The national pensions framework has been published and we will have the opportunity to discuss it in more detail at the Select Oireachtas Committee on Social and Family Affairs tomorrow. Does the Minister propose to try and adopt what is in the framework in a cohesive, all-encompassing way or does he propose to make changes on a budgetary basis year in and out as has been done in the previous two budgets with schemes such as PIPS? I put this question because of the lack of security workers feel they have with regard to the pensions they expect to receive but which in many cases they will not realise. The reason I asked this question is that a legal action is being brought against the State by workers in Waterford Crystal, of which I am sure the Minister is aware. They allege the State manifestly disregarded its obligations under Directive 80/987/EEC which deals with insolvency. Deputy Shortall questioned the Minister's predecessors on this in the House. The workers in Waterford Crystal quote the Robins case in the UK and argue that had we transposed the directive properly they would at least have received a far bigger percentage than they are receiving under the current arrangements. I presume the State will defend that action. What answer will the Minister give us in the House on the allegation made? The workers are making this allegation now but it was made in the House previously and was not adequately responded to by the Government.
The Minister can answer on the generality. Has he taken into account the judgment in the Robins case in the UK which gives the impression that the Waterford Crystal workers should be entitled to a greater share than they are receiving? Those staff feel utterly abandoned. They have received no support. Changes were made to the pensions legislation at that time which utterly ignored the situation in which they found themselves. They did not come out any better as a result. I will ask the Minister specific questions on the directive. Does he believe the directive has been adequately transposed and that he will win the case? There seems to be very strong evidence that he will not and that he will put the country to enormous expense and that the result will not be as he expects.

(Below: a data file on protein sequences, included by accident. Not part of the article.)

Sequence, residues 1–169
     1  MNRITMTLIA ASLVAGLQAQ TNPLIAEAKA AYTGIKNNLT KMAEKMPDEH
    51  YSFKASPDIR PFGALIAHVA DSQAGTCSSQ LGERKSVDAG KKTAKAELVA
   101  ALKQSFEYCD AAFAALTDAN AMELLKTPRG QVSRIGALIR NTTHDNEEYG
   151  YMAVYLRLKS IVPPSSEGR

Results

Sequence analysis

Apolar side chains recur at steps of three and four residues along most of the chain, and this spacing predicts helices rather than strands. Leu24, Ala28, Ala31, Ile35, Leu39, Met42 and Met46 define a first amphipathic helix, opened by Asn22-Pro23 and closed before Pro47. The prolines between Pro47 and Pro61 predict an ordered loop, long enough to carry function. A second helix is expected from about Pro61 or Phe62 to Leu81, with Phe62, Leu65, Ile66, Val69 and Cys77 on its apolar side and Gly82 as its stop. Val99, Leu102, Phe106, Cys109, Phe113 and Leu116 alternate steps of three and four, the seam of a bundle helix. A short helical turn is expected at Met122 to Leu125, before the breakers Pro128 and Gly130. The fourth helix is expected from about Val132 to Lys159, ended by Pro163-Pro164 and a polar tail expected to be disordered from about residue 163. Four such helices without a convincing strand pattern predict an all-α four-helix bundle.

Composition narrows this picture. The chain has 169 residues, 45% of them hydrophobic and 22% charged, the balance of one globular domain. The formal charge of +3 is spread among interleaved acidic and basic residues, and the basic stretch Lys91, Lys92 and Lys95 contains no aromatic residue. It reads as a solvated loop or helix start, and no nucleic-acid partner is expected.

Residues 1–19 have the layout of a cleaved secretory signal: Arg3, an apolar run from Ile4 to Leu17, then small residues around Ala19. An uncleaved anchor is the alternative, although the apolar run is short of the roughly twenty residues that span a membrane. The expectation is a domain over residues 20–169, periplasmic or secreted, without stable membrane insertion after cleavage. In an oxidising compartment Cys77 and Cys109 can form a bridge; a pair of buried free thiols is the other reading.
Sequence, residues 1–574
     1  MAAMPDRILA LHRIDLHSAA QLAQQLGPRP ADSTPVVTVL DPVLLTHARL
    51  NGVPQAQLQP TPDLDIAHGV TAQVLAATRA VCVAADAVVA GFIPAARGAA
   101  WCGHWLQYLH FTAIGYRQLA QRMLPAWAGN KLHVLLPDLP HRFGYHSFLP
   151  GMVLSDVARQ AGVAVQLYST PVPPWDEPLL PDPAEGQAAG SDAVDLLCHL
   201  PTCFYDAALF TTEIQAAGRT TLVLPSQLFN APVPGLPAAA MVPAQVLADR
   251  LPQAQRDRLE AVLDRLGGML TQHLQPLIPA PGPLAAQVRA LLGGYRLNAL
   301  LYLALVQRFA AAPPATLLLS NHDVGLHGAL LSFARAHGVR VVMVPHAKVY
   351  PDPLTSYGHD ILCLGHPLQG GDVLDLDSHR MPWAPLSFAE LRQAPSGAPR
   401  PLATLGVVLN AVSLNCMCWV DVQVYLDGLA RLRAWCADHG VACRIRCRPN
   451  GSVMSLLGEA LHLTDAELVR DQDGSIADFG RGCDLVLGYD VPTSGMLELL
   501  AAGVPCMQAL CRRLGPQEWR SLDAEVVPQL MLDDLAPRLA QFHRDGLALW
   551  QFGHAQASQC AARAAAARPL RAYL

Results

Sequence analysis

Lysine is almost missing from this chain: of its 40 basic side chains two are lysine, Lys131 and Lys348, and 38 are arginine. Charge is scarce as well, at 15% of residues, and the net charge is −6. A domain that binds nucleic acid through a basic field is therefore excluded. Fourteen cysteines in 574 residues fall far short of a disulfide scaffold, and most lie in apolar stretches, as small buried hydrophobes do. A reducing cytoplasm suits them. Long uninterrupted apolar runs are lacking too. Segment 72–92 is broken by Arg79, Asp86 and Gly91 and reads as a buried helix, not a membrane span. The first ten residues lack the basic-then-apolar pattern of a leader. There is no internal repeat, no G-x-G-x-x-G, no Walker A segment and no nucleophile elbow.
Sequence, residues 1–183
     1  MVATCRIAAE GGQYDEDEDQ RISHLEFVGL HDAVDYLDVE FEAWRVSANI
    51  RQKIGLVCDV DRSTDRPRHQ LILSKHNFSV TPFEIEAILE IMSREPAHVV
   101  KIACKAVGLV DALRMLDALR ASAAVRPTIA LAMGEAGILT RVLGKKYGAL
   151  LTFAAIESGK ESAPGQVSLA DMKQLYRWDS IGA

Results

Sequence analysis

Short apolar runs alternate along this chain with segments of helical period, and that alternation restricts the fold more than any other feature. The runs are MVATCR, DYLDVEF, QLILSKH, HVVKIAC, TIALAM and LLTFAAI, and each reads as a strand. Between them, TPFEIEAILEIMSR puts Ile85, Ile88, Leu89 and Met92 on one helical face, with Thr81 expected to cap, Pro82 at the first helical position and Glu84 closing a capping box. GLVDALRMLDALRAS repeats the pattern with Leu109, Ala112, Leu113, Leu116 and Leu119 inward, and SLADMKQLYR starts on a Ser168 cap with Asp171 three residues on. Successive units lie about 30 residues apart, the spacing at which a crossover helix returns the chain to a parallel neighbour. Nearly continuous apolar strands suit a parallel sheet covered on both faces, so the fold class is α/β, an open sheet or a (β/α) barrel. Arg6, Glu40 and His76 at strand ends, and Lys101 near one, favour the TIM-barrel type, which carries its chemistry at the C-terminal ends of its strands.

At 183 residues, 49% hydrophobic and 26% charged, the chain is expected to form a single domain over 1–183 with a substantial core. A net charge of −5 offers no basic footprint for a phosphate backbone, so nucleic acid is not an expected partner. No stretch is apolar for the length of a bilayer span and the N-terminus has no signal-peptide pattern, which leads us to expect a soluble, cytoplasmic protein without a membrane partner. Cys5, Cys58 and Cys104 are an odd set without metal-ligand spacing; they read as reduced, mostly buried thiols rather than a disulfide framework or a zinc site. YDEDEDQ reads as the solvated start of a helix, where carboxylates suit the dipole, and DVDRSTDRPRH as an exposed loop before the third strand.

I can answer the general question. A report from the Commission on 15 June 1995 analysing national laws transposing the directive found that in the case of Ireland there was no cause for objection. The Commission found that all of these provisions appear to meet the requirements of Article 8. Following the ruling in the Robins case, the Commission published a working document in April 2008 which essentially described how each member state had transposed the directive. It did not assess the conformity of the measures in place with the obligations imposed by Article 8 of the directive. It concluded that further investigation is needed to address how to protect employees and retired persons against the risk of underfunding of pension schemes and to what extent; how to guarantee any unpaid contributions to the pension schemes; and how to deal with cases where supplementary pension schemes are managed by the employers themselves. The Department is awaiting the outcome of this investigation.
When will the outcome of that investigation be made available? Time and again in the House we hear that we are awaiting an outcome. A report was done on FIS, on which I asked a question, and we are still awaiting the outcome of that. Outcomes are what we are meant to be about here but we do not seem to know. The duty under Article 8 of the directive is to protect employees in insolvency situations. Getting 20% of the pension one paid into and expected to receive is not a protection.